Kaitlyn Slagus was scrolling through profiles on the dating app Hinge back in July 2022 when she received a message from a man who thought he knew her.

“Hey, aren’t you the Belle Vernon coach?” the message read.

“And I was like, ‘That’s an awesome pickup line,’” Slagus deadpanned.

The guy in question was Nick Dizon, and while the two didn’t actually know one another at the time, they knew of each other as both were local high school basketball coaches. Dizon had just recently taken over as coach of the Avonworth girls, while Slagus was about to begin her third season coaching the Belle Vernon girls.

It turned out the two had a lot in common, so less than a week later they agreed to go on a date.

“We knew we were going to cross paths sooner or later with coaching because it’s such a small world, so we went out and had a good time,” Slagus recalls.

Well, good times began stacking up. And wouldn’t you know, this “couple of coaches” eventually moved in with one another before Dizon popped the question last summer. Slagus said “yes,” so these two basketball junkies turned lovebirds have been busy planning their upcoming summer wedding all while leading their teams to postseason berths.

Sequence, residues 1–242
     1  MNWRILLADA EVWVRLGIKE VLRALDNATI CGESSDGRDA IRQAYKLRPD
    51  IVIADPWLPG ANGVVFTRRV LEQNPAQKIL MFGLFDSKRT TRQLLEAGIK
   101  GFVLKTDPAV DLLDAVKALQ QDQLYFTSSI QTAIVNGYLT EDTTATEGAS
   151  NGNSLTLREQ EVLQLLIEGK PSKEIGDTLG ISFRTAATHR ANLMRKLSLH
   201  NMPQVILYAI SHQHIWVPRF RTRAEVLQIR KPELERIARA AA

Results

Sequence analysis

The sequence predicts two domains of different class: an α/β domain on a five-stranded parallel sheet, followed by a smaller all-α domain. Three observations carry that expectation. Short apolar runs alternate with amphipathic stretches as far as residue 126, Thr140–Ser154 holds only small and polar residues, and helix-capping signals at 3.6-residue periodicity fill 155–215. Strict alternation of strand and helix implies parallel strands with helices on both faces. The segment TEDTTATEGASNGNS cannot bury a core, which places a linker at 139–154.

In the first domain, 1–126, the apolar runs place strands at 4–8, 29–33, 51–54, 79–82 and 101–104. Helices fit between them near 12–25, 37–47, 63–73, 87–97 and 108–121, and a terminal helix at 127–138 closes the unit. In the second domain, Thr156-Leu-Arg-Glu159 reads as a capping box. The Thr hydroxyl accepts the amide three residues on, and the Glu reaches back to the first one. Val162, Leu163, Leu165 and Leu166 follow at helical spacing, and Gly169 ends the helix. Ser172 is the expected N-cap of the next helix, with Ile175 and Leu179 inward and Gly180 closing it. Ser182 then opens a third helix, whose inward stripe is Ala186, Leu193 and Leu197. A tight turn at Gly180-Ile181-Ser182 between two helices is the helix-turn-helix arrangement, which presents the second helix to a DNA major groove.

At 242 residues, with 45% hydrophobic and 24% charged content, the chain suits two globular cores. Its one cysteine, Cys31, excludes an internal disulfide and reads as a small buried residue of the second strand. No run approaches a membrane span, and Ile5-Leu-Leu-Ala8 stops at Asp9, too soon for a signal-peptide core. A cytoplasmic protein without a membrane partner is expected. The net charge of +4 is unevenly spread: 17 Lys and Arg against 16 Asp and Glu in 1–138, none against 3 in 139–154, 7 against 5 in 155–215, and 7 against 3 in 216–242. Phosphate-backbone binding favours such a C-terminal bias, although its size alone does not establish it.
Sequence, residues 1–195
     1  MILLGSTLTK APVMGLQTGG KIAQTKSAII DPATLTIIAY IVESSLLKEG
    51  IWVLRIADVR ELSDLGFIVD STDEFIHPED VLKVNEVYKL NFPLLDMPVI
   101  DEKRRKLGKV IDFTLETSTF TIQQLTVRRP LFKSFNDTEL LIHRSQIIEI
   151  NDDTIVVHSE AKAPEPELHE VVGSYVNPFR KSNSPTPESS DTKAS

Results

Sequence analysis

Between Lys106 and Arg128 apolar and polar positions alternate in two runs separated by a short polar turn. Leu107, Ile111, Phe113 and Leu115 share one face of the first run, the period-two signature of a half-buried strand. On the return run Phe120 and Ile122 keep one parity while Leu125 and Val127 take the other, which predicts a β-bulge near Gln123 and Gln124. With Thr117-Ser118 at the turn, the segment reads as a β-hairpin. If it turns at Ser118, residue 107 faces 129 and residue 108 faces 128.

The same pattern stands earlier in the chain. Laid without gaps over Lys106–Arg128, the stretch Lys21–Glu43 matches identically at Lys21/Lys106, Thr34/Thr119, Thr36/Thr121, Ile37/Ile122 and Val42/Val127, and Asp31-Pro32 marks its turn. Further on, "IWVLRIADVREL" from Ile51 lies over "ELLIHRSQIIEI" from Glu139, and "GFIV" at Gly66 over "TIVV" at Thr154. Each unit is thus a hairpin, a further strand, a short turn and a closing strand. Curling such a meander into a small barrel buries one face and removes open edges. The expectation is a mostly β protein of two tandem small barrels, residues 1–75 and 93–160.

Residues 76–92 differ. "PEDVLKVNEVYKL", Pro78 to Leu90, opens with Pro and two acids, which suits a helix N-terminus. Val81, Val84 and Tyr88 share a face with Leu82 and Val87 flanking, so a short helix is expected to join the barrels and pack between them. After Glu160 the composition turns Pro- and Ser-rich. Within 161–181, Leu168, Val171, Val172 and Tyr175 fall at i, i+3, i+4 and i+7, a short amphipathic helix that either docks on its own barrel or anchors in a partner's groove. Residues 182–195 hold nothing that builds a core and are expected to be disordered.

This engaged couple has been engaged in getting their teams ready for the WPIAL playoffs, which begin Thursday. Avonworth (19-1) is the No. 1 seed in Class 3A. The defending champion hosts No. 16 Apollo-Ridge (8-13) in a first-round game Saturday. Belle Vernon (10-12) is the No. 11 seed in Class 4A and will travel to play No. 6 Knoch (13-9) in a first-round game next Tuesday.

“Everyone wants to peak at this time of year,” said Dizon, whose Avonworth team has ripped off 13 consecutive wins. “We were obviously a pretty good team last year, but I feel like we’ve improved, and I feel like we can get better.”

Basketball has been a major part of Slagus and Dizon’s lives for as long as they can remember. The two are anything but vertically challenged, with Dizon standing 6 feet 5 and Slagus 6-1. The pair combined that size with talent to become standout players at high schools in different Western Pennsylvania counties and at colleges in different parts of the state.